I enjoy Disney and was a huge fan of their comeback of the musical form (which almost no live studios do anymore). But there’s a balance and Disney only need be a tiny piece of a child’s life if it’s there at all.
    When the child brings it up or expresses direct interest, then you can incorporate that aspect then.

    I think you’re being overly harsh on the gender relations observation piece. Many families have a single parent without another gendered role model available or, if they are, they may not be much of a role model.

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    1. “I think you’re being overly harsh on the gender relations observation piece. Many families have a single parent without another gendered role model available or, if they are, they may not be much of a role model.”

      – They should know what awaits their child. Not knowing what’s in store doesn’t make it less real.

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  11. “that demonstrates the idiocy of banning princesses, color pink, and Disney movies from a child’s life as some sort of a feminist gesture” – I really didn’t get that from the article. I don’t know anyone who bans their child from pink or Disney – you say children are not their parent’s billboards and yet I see plenty of little girls being used used as pink billboards for Disney. Children are heavily influenced by the culture they see around them, why adverts?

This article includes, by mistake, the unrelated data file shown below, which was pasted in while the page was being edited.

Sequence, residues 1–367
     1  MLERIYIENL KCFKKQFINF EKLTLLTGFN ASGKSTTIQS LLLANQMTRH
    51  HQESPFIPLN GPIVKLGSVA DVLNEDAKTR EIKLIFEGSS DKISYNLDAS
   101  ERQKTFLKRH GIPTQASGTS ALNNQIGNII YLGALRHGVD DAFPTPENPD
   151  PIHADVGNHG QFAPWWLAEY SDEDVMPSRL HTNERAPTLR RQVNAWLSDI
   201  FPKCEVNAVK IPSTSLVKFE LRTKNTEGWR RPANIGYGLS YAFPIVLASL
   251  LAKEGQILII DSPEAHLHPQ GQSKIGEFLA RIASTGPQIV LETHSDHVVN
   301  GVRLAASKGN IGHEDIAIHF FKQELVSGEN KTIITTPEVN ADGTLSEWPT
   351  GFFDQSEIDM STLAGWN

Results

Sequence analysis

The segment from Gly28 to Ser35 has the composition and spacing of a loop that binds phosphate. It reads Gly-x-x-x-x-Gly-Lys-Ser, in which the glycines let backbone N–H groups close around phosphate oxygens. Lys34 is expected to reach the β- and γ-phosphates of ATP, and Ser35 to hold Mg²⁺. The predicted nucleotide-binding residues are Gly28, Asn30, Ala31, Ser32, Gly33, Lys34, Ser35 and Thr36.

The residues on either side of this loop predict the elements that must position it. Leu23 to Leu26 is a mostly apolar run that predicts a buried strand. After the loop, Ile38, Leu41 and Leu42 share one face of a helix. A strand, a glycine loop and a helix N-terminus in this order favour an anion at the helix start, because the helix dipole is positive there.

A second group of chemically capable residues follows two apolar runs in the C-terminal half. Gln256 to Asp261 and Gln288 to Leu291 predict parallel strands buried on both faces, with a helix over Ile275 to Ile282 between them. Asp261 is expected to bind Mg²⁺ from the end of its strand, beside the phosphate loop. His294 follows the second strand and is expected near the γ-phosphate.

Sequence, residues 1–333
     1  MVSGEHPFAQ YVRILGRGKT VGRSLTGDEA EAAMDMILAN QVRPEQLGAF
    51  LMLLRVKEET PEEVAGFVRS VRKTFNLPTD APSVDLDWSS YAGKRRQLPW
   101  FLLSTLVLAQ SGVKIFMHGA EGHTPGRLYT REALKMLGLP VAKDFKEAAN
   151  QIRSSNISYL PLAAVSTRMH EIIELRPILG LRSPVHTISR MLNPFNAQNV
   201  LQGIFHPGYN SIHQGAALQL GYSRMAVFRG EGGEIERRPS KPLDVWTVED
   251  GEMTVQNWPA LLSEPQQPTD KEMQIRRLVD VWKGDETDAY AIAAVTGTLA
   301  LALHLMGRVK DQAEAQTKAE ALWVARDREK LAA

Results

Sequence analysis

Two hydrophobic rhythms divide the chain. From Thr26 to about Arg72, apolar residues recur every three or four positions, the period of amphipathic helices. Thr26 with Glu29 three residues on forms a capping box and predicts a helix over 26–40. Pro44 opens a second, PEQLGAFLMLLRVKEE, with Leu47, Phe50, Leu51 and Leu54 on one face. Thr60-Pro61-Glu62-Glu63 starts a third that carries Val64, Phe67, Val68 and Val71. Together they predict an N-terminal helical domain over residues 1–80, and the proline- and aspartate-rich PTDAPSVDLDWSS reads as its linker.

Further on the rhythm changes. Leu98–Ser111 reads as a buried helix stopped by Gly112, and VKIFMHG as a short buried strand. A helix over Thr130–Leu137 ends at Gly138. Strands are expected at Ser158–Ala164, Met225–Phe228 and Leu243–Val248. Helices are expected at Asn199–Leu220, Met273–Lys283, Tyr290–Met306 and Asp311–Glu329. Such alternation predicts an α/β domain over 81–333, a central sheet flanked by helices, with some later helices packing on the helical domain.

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    1. I can only repeat for the bizillionth time that all those people who undergo psychotherapy and psychoanalysis keep discussing the damage their parents inflicted on them. Cases of psychological damage inflicted by Disney are not known to humanity.

      Disney can plaster the entire planet with billboards without leaving an inch of ground uncovered and that would not have nearly the same power on a developing girl than a single comment or look from her father.

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  12. The concentrated marketing of adventure and violence-themed toys to boys, and domestic, image-obsessed and “sexy” toys to girls is appalling, and those who say that this marketing has no impact on children and on parents must be, to paraphrase, either “dense or irresponsible”